Tips for enhancing personal safety, reducing fear
(CNN) -- According to the Federal Emergency Management Agency, terrorists often use threats to create fear and convince citizens their government is powerless to prevent terrorism.
"Success is contingent upon (terrorists) having an impact of creating fear, hence the term, terrorism," says William Waugh, professor of public administration and urban studies at Georgia State University in Atlanta, Georgia, and an expert on international and domestic terrorism. Waugh is the author of "Terrorism and Emergency Management" and "Living with Hazards, Dealing with Disasters."
"Because of that, they tend to select symbolic targets, they don't often randomly attack people on the street," he says. "They find things that are symbolically American, like government buildings, large corporations and other possibilities."
The public can reduce their fear by gaining knowledge and assessing their actual level of risk, he says.
"Most of us really don't have a great deal of risk at this point, including the anthrax incidents, that is threatening the American people," he says. "I'm still more afraid of the traffic, and the traditional hazards we live with every day."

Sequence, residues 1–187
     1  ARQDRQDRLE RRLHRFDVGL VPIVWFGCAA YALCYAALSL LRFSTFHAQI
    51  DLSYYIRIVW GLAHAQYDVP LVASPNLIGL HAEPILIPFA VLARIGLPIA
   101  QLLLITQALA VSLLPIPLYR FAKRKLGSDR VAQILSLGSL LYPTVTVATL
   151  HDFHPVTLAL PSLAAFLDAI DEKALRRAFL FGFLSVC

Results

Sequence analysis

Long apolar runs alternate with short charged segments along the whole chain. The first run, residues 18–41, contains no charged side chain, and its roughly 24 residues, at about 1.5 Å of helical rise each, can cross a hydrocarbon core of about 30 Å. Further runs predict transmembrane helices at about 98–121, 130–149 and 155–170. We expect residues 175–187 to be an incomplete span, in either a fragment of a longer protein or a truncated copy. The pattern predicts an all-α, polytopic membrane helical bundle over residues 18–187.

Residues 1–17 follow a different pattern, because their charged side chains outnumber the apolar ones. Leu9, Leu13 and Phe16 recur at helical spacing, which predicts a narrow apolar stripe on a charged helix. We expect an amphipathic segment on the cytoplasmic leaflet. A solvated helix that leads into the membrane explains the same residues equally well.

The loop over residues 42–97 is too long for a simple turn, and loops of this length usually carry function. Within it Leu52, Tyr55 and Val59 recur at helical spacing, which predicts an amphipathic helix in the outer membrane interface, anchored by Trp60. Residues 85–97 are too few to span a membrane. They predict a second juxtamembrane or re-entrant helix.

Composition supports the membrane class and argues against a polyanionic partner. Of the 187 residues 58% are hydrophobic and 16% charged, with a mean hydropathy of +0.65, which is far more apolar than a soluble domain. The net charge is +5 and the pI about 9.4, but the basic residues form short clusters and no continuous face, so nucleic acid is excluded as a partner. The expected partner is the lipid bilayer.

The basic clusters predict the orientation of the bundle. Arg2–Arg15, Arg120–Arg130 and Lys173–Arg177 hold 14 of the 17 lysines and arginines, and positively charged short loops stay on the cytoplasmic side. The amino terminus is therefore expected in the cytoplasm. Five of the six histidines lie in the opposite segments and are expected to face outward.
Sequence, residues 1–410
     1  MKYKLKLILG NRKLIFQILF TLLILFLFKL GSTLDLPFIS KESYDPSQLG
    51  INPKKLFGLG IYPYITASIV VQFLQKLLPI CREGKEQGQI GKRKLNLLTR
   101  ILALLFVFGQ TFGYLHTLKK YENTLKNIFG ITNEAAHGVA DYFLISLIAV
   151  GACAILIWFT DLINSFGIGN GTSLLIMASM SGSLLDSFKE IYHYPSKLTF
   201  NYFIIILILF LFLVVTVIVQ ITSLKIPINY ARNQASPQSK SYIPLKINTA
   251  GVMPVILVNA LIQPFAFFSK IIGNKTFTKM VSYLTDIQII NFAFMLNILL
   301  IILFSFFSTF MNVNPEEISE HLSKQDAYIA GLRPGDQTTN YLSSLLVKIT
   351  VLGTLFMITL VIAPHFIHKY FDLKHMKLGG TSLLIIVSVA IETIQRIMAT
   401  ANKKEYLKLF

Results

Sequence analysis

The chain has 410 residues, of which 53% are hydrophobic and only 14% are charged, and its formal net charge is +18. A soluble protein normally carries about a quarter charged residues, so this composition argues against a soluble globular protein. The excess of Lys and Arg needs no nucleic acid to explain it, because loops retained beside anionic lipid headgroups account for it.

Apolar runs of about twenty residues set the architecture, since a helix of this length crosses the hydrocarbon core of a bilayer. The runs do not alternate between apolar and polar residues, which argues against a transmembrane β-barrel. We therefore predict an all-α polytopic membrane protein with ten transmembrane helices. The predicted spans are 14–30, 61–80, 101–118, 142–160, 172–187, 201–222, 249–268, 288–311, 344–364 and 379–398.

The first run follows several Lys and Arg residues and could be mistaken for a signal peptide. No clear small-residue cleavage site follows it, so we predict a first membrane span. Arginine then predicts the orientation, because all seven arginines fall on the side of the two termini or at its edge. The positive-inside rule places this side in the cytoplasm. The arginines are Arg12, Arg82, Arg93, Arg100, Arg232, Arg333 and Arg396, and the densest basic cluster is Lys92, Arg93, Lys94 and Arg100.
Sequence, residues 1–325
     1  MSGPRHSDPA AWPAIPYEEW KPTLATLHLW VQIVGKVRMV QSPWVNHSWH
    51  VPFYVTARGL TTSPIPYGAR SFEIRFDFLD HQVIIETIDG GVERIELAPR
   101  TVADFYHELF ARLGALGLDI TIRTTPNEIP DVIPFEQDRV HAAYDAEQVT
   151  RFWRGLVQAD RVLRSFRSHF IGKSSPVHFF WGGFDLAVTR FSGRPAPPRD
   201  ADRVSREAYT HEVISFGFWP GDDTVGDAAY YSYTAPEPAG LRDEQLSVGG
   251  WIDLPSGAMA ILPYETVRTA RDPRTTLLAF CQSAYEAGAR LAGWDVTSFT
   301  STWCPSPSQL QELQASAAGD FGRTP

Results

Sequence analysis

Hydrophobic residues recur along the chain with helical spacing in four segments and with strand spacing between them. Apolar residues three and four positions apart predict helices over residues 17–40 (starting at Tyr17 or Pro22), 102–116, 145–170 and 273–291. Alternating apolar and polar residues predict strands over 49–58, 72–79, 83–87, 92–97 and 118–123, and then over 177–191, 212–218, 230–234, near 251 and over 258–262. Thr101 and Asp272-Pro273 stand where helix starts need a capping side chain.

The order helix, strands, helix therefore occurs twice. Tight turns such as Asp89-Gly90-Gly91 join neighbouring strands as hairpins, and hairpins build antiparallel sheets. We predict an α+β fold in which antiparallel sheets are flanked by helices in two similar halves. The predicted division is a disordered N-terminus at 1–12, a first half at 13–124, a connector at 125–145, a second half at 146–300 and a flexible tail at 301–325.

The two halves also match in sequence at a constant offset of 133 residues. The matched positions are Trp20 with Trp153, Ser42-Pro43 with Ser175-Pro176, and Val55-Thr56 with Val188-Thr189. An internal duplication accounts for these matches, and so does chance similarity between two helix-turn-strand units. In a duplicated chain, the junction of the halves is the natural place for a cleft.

The following FEMA tips list what citizens need to know about terrorism to stay informed and possibly prevent a terrorist attack.
1. Learn about the nature of terrorism (FEMA backgrounder)
Targets can international airports, large cities, major events, resorts and landmarks or other visible locations where terrorists can avoid detection before or after the attack.
2. Learn about the different types of terrorist tactics
These could include kidnappings, hijackings, the use of explosives, arson or chemical or biological agents.
3. Prepare to deal with a terrorist incident by adapting many of the same techniques used to prepare for other crises
Be alert and aware of your surroundings. There may be little or no warning prior to an act of terrorism. Watch for suspicious behavior (Read the tips)
Take precautions when traveling. Do not accept packages from strangers and do not leave personal belongings or luggage unattended
Learn where emergency exits are located in public areas such as buildings or subways. Know where staircases are located
Be aware of heavy or breakable objects in your immediate surroundings that could move, fall or break in an explosion
4. Learn first aid. Contact the local chapter of the American Red Cross for information
5. Pay more attention to the media, Waugh suggests. If something occurs, you'll be aware of information that could help you avoid a dangerous situation, he says.
Federal Emergency Management Agency
Centers for Disease Control and Prevention
Homeland Security Actions
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